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Nikki Haley unveils economic proposal while slamming both parties over government spending

<i>Brian Snyder/Reuters</i><br/>Republican presidential candidate Nikki Haley speaks at a campaign event in Hampton
Brian Snyder/Reuters
Republican presidential candidate Nikki Haley speaks at a campaign event in Hampton

By Ebony Davis, CNN

(CNN) — Republican presidential candidate Nikki Haley on Friday unveiled her economic proposal – which includes cutting middle-class taxes, tackling inflation and reducing federal government control – while calling out both Democrats and Republicans over what she referred to as “reckless” federal spending.

“Joe Biden is proving that reckless spending is the road to socialism. But he’s not the only culprit. Joe Biden, Donald Trump and Barack Obama added more to our national debt than the previous 42 presidents combined. They tripled the debt from $10 trillion to $33 trillion,” Haley, who served under Trump as his ambassador to the United Nations, said in remarks at St. Anselm College’s New Hampshire Institute of Politics in Manchester.

“We’re now adding a trillion more every year, with no end in sight. Our children will never forgive us for this,” the former South Carolian governor said Friday, as a potential government shutdown looms with lawmakers in Washington yet to reach a deal to extend funding past the September 30 deadline.

Haley’s remarks came just days ahead of the second Republican presidential debate in California, with the 2024 contender seeing a bump in GOP primary polling since her performance at the first debate in Milwaukee last month.

On the campaign trail, Haley has sought to seek a balance between criticism and praise for her onetime boss.

While she called Trump the right president for the right time at a recent campaign stop in New Hampshire, she criticized his handling of the economy while in office, asserting that he “didn’t do anything on fiscal policy and really spent a lot of money, and we’re all paying the price for it.”

Haley’s proposal unveiled Friday is part of her larger plan to revive America’s middle class and an attempt to reverse the Biden administration’s economic policies, dubbed by the White House as “Bidenomics.”

“Joe Biden has created a political subsidy economy. That’s what Bidenomics really is. The government is taking money from the middle class and giving it to everyone else. The well-connected are getting wealthier through corporate welfare, while the poor get trapped in regular welfare,” Haley told the New Hampshire audience.

Dubbed “The Freedom Plan,” Haley’s proposal would eliminate the federal gas and reduce income tax rates, make small-business tax relief permanent, and end certain tax deductions such as the deduction for state and local income taxes, also known as SALT.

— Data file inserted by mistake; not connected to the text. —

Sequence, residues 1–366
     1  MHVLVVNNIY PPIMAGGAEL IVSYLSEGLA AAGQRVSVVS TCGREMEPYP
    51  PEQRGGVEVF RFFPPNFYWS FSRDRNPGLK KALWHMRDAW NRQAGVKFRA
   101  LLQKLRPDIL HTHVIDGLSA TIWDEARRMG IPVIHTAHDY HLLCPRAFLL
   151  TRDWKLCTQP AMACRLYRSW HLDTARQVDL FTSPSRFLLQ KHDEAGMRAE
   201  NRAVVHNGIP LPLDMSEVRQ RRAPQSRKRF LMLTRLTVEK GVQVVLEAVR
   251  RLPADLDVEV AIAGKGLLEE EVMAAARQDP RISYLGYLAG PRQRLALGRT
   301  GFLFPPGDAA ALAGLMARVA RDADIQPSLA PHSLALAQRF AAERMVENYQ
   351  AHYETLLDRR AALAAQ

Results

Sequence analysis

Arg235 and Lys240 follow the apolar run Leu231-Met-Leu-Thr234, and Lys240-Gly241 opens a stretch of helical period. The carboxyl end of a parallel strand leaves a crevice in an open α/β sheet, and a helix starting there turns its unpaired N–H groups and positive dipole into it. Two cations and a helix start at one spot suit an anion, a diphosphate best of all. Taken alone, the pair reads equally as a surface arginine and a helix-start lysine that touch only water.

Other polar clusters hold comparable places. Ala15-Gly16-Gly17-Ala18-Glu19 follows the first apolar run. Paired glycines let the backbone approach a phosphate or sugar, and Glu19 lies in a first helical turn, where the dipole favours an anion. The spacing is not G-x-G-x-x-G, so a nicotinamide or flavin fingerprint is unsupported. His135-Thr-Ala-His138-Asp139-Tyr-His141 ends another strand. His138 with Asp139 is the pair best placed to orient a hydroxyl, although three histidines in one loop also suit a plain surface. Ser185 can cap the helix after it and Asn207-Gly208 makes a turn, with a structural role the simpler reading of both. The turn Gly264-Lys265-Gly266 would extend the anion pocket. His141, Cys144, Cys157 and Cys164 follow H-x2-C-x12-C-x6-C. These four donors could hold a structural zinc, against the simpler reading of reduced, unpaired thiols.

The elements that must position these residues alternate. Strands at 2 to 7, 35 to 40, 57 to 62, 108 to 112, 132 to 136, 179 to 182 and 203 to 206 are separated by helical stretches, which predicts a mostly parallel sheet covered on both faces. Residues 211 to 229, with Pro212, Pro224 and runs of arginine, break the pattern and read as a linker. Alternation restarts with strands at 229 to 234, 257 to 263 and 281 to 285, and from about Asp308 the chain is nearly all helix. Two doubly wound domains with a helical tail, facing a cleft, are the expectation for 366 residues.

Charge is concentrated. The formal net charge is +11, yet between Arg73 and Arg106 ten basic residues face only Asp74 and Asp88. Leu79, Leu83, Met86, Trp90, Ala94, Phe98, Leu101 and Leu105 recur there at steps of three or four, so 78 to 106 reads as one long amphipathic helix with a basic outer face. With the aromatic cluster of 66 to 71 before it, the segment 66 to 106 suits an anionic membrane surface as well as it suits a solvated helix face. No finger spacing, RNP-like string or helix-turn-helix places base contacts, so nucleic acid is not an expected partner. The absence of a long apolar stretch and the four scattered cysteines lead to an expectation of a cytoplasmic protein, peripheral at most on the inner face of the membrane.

Haley, who graduated with a bachelor’s degree in accounting from Clemson University, often touts her financial background on the campaign trail, telling voters, “It’s time to put an accountant in the White House.”

“My tax cuts will put thousands of dollars in middle-class families’ pockets,” she said Friday.

Haley believes funding for infrastructure projects should come from general revenues, forcing them to compete with other spending priorities. Additionally, her plan would place a limit on federal spending, linked to a percentage of the economy.

Since launching her presidential campaign in February, Haley has often vowed that if elected, she will “stop the spending” and “stop the borrowing,” while emphasizing her plans to “claw back” $500 billion of unspent Covid-19 funds.

Under her proposal, Haley would veto any budget that doesn’t contribute to reducing the US economy to pre-Covid spending levels, eliminate $500 billion in green energy subsidies and implement mandatory zero-based budgeting. The plan would also implement Social Security and Medicare reforms for younger generations.

In her remarks Friday, Haley called for term limits for politicians and said “bureaucrats” would not be able to hold the same position for more than five years, under her plan. She also pledged to meet with governors once a quarter and to encourage states on ways to empower their communities.

Haley reflected on her time as South Carolina governor, ticking off economic statistics that she said earned her state the moniker “Beast of the Southeast” by trade magazines.

“If we did it there, we can do it across our entire country. We just need vision, discipline and determination,” she said.

This story and headline have been updated.

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